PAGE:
Challenges in Getting Projects to Pencil Out Helps Denver Absorb Its Current Stock

Denver--A tremendous influx of new units in the early 2000s led to a lack of new construction in Denver in the years leading up to the last housing bubble burst, which, in effect, allowed the market to remain relatively stable.

Source: Apartment Association of Metro Denve

Denver—A tremendous influx of new units in the early 2000s led to a lack of new construction in Denver in the years leading up to the last housing bubble burst, which, in effect, allowed the market to remain relatively stable.

“We saw our market on fire in the late ‘90s and 2000; the break started coming in 2001-2002 with the tech wreck,” recalls Terrance Hunt, principal, ARA-Denver, who adds that the market’s vacancy peaked in the third quarter of 2003 at 13 percent, on a quarterly basis.

The market saw the addition of 20,000 new units between 2001 and 2002, Hunt tells MHN. “That is as many units as [the market] had delivered in the past 20 years … so it was a perfect storm to create an environment where … trying to lease up those units really took our market down.”

Because of the need for absorption, the market hasn’t seen much in the way of rent growth through the 2000s. “While the rest of the country was ramping up and housing was on fire, Colorado was just finding its legs,” Hunt points out. Consequently, “we didn’t have any oversupply problems and our rents were already depressed.”

Since the “initial bubble burst,” Hunt notes that the market has experienced record absorption and absorbed 6,800 units in 2010 alone. (It added only 438 units during the same period). Meanwhile, the market is currently 5.5 percent vacant.

Source: Apartment Association of Metro Denver

“We still have not overbuilt because construction costs have gone up, and rents haven’t grown to justify new construction,” says Hunt.

Effective rents are currently averaging $1.00 per square foot market-wide; Hunt notes that rents will need to be at least $1.20/square foot for the least-expensive product to get built. In the downtown market, rents—which are currently $1.50-$1.65 per square foot—would need to be at least $1.80 per square foot before developers can make the math work, Hunt adds.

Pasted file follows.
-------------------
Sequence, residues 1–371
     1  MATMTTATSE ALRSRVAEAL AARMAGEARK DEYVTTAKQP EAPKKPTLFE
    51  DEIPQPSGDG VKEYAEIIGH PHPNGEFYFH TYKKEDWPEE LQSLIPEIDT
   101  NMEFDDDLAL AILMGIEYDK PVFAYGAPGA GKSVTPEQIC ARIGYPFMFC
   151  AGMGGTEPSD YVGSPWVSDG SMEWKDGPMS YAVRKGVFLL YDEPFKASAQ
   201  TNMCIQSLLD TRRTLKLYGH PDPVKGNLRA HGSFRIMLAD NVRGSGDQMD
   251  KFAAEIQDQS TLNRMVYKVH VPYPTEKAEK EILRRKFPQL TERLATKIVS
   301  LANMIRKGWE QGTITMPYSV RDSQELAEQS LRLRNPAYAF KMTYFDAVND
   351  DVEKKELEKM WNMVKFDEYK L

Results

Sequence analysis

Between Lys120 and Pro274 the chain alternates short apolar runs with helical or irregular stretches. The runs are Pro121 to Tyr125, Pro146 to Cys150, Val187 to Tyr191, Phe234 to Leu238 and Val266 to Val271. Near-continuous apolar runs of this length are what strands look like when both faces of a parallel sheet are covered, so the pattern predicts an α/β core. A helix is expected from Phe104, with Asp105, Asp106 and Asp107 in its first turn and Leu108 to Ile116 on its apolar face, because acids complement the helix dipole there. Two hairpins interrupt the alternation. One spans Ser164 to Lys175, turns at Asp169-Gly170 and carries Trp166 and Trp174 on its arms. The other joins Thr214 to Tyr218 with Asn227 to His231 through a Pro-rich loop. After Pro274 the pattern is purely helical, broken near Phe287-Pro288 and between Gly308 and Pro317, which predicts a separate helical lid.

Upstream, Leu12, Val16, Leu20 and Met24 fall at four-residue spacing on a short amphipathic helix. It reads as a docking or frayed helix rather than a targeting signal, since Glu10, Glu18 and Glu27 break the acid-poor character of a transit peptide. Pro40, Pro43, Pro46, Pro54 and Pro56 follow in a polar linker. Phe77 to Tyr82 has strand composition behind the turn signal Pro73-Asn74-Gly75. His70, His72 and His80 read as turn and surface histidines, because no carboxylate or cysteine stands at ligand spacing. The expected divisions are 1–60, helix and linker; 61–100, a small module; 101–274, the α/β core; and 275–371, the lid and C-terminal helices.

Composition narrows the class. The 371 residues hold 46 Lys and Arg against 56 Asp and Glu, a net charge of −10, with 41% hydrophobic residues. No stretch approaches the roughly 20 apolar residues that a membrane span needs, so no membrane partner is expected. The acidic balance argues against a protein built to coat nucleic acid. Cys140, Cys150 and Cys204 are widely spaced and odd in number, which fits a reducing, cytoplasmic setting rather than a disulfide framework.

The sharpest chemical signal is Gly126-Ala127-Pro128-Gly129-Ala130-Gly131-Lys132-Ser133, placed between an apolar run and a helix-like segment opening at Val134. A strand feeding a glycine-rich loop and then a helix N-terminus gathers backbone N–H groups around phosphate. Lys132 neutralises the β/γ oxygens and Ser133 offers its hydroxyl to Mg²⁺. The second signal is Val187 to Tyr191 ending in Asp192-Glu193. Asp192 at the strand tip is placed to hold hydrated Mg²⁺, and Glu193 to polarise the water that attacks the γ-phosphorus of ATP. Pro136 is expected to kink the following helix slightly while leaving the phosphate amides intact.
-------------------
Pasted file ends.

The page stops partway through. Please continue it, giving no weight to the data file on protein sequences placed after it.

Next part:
Hunt notes that the market’s organic growth will continue to increase demand in the market; “we have over 30,000 kids every year turning 21 in Denver,” he says. “We only have 15,000 vacant units now market-wide. The demand is there.”

The transaction market, meanwhile, has picked up since 2009. Last summer, before the run up in interest rates, cap rates were in the mid-5 percent range, Hunt reports, though he adds that they have gone up approximately 25 to 50 bps.

Source: Apartment Association of Metro Denver

“What’s taken some of the steam out of that is evidence of rent growth; people are still underwriting lower cap rates than they typically would with the cost of debt and we’re seeing some interest-only money in some assets,” says Hunt. Current cap rates are  between 6 percent and 6.5 percent for Class A assets, and Hunt notes that there isn’t much product available over 7.5 percent.

The current buyer profile, says Hunt, is mostly “private syndications with maybe an institutional piece of money. We’re not seeing the REITs in Denver at this time, but they are calling us” about assets in core, downtown locations.

One of Denver’s bright spot is its organic growth, Hunt tells MHN. “The biggest facet of our demographics is the echo boomers because our greatest population boom was in the ’70s with baby boomers that came with their kids; the kids are coming to age of being renters.”